Pitt Nursing Research Shows Power of Collaborative Care
A recent study from Pitt Nursing faculty Hayley Germack and Grant Martsolf demonstrated the importance of team-based care and interprofessionalism when working with veterans who have co-morbid mental health conditions. Their work is demonstrating how essential interprofessionalism is in delivering optimal outcomes.
The project focused on the delivery of primary and mental health care when managing veterans with mental health disorders. The outcomes showed that veterans who received care at clinics where team-based care was implemented more had lower rates of hospitalizations.
Juneteenth, on June 19, celebrates the commemoration of the emancipation of all slaves in the United States, marking the day when the Emancipation Proclamation was read in the most remote parts of Texas. Ieesha Barron, department coordinator, Acute and Tertiary Care, shared her memories of this celebration when she was young, and why the holiday is so important.
Growing up this was one of my favorite traditions.
We celebrated wearing our best red and white clothing. Red for the blood and white for victory.
Even the food was red.
The youngest member of the family capable of reading would read the Emancipation Proclamation. The family matriarch would recite from the Bible some passage of freedom, forgiveness, and thanksgiving
There were parades, food, and fireworks.
There was dancing and singing late into the night
My grandmother gave a speech every year to remind us why the day is necessary.
It is the commemoration of your African-American countryman. No different than remembering any fallen hero or persons of great importance who made sacrifices. It is the celebration of America taking a pivotal step toward recognizing the dream of a free and just land.
Build your own tradition, hang a flag, say happy Juneteenth to any person of any descent, however you wish to display. I hope you will consider it a proud celebration and great accomplishment.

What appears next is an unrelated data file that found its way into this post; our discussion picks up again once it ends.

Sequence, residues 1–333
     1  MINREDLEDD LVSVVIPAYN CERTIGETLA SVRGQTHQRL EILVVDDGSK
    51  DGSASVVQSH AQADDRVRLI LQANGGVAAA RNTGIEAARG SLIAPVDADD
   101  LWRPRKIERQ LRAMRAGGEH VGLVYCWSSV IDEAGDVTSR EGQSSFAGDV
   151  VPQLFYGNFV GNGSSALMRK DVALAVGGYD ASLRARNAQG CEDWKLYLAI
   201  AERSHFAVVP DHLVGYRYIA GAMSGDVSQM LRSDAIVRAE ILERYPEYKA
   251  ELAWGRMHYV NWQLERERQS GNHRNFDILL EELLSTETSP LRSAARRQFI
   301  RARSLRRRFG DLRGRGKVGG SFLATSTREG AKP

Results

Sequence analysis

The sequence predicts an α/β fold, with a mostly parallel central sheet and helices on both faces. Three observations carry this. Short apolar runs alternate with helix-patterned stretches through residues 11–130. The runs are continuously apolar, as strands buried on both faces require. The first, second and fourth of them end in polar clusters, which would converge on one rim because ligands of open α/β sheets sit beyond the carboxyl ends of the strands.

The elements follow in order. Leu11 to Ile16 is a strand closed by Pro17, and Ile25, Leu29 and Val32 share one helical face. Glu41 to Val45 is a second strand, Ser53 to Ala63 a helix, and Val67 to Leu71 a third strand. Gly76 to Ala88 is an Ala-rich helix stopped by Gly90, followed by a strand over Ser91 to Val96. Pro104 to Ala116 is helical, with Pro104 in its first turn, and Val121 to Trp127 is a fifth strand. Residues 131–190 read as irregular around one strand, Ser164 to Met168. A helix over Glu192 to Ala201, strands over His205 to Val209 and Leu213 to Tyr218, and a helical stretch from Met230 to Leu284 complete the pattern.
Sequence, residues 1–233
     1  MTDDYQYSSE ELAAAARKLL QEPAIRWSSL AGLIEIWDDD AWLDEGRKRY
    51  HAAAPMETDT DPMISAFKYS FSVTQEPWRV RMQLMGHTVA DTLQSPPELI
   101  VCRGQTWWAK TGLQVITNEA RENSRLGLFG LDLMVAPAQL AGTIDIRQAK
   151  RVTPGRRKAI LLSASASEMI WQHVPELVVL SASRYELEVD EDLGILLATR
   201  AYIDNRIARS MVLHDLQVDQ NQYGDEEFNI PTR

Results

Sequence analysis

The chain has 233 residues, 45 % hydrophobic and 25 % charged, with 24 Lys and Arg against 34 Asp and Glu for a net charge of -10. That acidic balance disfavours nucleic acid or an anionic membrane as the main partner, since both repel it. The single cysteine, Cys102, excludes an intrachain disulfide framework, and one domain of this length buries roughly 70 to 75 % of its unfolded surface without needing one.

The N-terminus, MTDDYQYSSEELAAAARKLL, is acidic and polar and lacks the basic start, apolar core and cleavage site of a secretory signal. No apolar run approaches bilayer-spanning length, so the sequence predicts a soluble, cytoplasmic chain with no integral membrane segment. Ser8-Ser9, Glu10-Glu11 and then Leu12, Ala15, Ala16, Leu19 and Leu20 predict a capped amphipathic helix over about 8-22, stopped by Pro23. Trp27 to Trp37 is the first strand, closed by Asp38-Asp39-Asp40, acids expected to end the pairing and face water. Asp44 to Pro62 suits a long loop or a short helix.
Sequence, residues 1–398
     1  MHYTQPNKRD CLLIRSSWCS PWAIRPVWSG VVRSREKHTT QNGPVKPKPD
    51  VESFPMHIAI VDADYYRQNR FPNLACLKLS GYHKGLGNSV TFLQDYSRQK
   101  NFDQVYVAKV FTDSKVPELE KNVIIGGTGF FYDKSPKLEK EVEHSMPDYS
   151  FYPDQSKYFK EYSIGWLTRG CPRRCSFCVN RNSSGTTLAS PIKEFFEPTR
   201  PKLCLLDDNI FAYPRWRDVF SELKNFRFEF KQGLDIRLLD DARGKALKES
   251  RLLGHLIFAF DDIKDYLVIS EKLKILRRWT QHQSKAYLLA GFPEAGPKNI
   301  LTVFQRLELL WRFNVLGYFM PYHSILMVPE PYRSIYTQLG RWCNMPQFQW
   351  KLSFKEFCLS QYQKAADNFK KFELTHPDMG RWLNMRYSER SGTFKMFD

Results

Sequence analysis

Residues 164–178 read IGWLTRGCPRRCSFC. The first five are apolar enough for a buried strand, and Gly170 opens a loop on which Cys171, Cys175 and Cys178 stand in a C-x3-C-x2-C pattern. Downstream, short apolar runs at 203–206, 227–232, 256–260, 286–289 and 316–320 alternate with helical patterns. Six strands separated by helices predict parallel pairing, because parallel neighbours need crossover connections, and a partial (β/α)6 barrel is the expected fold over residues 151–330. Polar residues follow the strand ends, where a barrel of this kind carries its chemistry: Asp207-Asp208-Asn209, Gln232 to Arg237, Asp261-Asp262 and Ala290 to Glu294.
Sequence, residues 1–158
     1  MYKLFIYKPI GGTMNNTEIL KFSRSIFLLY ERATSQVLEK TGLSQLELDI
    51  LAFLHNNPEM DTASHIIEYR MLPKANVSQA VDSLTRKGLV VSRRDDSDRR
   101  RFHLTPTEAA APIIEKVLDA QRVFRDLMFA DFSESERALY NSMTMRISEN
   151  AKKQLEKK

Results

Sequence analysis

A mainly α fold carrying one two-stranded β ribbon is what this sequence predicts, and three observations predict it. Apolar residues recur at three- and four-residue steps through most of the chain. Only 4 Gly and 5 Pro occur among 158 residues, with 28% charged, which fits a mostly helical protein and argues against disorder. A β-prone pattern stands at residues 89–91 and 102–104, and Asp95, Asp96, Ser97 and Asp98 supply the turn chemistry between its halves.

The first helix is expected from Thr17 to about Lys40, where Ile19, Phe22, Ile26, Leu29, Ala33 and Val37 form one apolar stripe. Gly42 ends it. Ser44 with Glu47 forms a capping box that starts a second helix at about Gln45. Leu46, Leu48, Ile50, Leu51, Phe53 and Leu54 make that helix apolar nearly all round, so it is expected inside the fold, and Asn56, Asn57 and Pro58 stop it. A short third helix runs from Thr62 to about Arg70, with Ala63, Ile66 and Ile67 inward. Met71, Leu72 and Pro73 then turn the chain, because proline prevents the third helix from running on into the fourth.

Timely Topics: LGBTQIA+ Health
Gender identity and sexual orientation are fundamental components of both personhood and health care needs and concerns. Pitt Nursing’s Department of Professional Development and Continuing Education offers Healthcare Provider Training on LGBTQIA+ Health: An Introductory Module on Best Practices to help health care providers become more clinical prepared to deliver whole-person care.
Healthcare Provider Training on LGBTQIA+ Health provides a brief introduction about best practices in LGBTQIA+ health that speaks to the specific needs of this population to increase knowledge, promote positive attitudes and improve clinical preparedness of professional nurses.
Learning outcomes include:
- Recall gender diversity definitions
- Relate health disparities associated with LGBTQIA+ communities
- Examine social determinants of health and the relationship to LGBTQIA+ status
- Identify how discrimination and stigma associated with LGBTQIA+ impacts disclosure
- Begin to create an inclusive environment and utilize respectful communication in your professional practice
For more information and to register, visit the Professional Development and Continuing Education website.
Student Profile: Karina Kraevsky-Phillips
Congratulations to PhD student Karina Kraevsky-Phillips, who has been selected to receive a 2021 American Thoracic Society Abstract Scholarship, due to her abstract's high-quality caliber.
Kraevksy-Phillips' abstract "Seen But Not Heard: An Analysis of Nurse Involvement in Interprofessional Family Meetings in Intensive Care Units," found that while nurses attended such meetings, they did not necessarily have the opportunity to contribute to the conversations, despite having a high degree of contact with families.
Kraevksy-Phillips is a NINR T32 research trainee studying technological applications to acute and chronic illness management. She is particularly interest in studying mHealth usage for heart failure management, as well as palliative care and health policy issues.